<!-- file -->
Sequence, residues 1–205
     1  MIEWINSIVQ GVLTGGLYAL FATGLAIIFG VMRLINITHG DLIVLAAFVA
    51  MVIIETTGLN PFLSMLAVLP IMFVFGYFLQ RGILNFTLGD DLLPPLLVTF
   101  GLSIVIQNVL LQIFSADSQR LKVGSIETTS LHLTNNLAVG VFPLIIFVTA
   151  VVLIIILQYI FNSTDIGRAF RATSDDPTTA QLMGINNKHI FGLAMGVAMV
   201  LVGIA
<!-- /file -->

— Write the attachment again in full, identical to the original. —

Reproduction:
Sequence, residues 1–205
     1  MIEWINSIVQ GVLTGGLYAL FATGLAIIFG VMRLINITHG DLIVLAAFVA
    51  MVIIETTGLN PFLSMLAVLP IMFVFGYFLQ RGILNFTLGD DLLPPLLVTF
   101  GLSIVIQNVL LQIFSADSQR LKVGSIETTS LHLTNNLAVG VFPLIIFVTA
   151  VVLIIILQYI FNSTDIGRAF RATSDDPTTA QLMGINNKHI FGLAMGVAMV
   201  LVGIA